|From:||Heikki Linnakangas <hlinnaka(at)iki(dot)fi>|
|To:||Dmitry Dolgov <9erthalion6(at)gmail(dot)com>, ichiyanagi(dot)yoshimi(at)lab(dot)ntt(dot)co(dot)jp|
|Cc:||Michael Paquier <michael(at)paquier(dot)xyz>, PostgreSQL-development <pgsql-hackers(at)postgresql(dot)org>, menjo(dot)takashi(at)lab(dot)ntt(dot)co(dot)jp, ishizaki(dot)teruaki(at)lab(dot)ntt(dot)co(dot)jp|
|Subject:||Re: [HACKERS][PATCH] Applying PMDK to WAL operations for persistent memory|
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On 10/12/2018 23:37, Dmitry Dolgov wrote:
>> On Thu, Nov 29, 2018 at 6:48 PM Dmitry Dolgov <9erthalion6(at)gmail(dot)com> wrote:
>>> On Tue, Oct 2, 2018 at 4:53 AM Michael Paquier <michael(at)paquier(dot)xyz> wrote:
>>> On Mon, Aug 06, 2018 at 06:00:54PM +0900, Yoshimi Ichiyanagi wrote:
>>>> The libpmem's pmem_map_file() supported 2M/1G(the size of huge page)
>>>> alignment, since it could reduce the number of page faults.
>>>> In addition, libpmem's pmem_memcpy_nodrain() is the function
>>>> to copy data using single instruction, multiple data(SIMD) instructions
>>>> and NT store instructions(MOVNT).
>>>> As a result, using these APIs is faster than using old mmap()/memcpy().
>>>> Please see the PGCon2018 presentation for the details.
>>>>  https://www.pgcon.org/2018/schedule/attachments/507_PGCon2018_Introducing_PMDK_into_PostgreSQL.pdf
>>> So you say that this represents a 3% gain based on the presentation?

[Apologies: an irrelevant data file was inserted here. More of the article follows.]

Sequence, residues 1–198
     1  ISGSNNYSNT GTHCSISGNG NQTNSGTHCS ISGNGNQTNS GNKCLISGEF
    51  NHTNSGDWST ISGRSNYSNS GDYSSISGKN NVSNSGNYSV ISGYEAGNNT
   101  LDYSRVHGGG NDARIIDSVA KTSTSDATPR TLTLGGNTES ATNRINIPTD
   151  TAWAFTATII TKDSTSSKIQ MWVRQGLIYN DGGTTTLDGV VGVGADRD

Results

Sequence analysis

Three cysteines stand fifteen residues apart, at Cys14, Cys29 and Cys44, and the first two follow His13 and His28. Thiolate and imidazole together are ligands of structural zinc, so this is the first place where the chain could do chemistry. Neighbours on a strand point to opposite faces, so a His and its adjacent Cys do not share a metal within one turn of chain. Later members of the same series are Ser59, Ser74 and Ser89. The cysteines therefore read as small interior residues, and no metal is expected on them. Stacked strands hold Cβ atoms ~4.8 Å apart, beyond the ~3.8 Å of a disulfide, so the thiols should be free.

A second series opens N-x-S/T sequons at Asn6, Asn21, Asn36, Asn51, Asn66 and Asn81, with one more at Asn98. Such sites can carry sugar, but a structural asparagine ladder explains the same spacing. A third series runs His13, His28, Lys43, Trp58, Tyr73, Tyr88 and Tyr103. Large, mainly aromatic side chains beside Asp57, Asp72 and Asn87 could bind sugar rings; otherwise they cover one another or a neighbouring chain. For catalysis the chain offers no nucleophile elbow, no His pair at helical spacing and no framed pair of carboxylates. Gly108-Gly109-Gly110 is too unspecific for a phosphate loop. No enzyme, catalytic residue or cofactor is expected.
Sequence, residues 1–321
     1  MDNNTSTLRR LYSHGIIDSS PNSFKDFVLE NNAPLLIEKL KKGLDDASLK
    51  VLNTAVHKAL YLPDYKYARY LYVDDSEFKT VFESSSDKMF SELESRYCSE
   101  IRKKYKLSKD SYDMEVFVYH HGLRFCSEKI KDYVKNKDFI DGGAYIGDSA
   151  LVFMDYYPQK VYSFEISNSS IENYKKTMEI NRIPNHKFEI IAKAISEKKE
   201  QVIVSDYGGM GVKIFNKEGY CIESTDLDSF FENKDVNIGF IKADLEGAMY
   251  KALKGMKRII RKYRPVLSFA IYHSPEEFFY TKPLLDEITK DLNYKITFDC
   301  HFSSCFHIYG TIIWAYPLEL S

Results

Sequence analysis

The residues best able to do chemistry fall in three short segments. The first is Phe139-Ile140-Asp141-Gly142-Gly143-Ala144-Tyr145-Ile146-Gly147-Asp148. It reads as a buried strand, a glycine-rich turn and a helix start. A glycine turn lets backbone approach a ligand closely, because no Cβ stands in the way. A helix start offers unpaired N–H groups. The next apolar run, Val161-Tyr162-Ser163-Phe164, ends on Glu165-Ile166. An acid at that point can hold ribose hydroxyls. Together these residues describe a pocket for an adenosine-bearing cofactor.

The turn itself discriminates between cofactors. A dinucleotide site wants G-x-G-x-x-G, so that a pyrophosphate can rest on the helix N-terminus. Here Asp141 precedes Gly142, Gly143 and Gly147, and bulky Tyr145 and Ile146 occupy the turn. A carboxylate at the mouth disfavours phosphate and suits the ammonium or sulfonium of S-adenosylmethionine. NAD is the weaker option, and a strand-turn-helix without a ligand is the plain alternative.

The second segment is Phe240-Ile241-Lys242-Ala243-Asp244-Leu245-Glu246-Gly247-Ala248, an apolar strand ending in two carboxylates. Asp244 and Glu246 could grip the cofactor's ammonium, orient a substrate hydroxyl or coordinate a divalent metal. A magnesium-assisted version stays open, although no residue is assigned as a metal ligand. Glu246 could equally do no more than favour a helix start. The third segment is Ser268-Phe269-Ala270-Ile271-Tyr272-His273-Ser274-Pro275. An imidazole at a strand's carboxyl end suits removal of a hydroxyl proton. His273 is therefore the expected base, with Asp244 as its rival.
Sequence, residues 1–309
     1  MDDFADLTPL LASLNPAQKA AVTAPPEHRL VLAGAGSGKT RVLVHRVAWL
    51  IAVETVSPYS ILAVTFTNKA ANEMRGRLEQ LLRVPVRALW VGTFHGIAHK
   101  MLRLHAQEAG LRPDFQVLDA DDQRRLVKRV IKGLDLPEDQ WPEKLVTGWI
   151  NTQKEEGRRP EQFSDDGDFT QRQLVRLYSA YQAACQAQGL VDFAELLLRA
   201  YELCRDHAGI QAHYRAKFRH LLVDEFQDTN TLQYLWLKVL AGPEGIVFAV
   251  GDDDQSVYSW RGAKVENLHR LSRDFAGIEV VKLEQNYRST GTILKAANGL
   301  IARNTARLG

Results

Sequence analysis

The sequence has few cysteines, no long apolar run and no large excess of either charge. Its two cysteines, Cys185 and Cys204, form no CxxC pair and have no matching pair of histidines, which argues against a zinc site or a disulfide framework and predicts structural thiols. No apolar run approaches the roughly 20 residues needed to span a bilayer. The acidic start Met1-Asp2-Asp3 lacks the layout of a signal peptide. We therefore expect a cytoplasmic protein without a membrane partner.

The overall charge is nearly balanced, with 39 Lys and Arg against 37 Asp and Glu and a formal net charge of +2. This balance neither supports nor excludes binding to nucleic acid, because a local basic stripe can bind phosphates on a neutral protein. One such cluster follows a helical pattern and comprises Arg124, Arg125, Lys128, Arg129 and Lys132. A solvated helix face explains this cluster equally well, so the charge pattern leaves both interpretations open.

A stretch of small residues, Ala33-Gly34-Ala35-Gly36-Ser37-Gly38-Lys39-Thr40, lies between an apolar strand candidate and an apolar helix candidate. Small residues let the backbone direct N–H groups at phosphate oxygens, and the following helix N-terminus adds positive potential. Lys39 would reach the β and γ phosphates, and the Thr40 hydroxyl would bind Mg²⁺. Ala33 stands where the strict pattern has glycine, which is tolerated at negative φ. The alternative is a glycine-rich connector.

>>> That may be interesting to dig into it. Could you provide fresher
>>> performance numbers? I am moving this patch to the next CF 2018-10 for
>>> now, waiting for input from the author.
>> Unfortunately, the patch has some conflicts now, so probably not only fresher
>> performance numbers are necessary, but also a rebased version.
> I believe the idea behind this patch is quite important (thanks to CMU DG for
> inspiring lectures), so I decided to put some efforts and rebase it to prevent
> from rotting. At the same time I have a vague impression that the patch itself
> suggests quite narrow way of using of PMDK.
To re-iterate what I said earlier in this thread, I think the next step
here is to write a patch that modifies xlog.c to use plain old
mmap()/msync() to memory-map the WAL files, to replace the WAL buffers.
Let's see what the performance of that is, with or without NVM hardware.
I think that might actually make the code simpler. There's a bunch of
really hairy code around locking the WAL buffers, which could be made
simpler if each backend memory-mapped the WAL segment files independently.
One thing to watch out for, is that if you read() a file, and there's an
I/O error, you have a chance to ereport() it. If you try to read from a
memory-mapped file, and there's an I/O error, the process is killed with
SIGBUS. So I think we have to be careful with using memory-mapped I/O
for reading files. But for writing WAL files, it seems like a good fit.
Once we have a reliable mmap()/msync() implementation running, it should
be straightforward to change it to use MAP_SYNC and the special CPU
instructions for the flushing.
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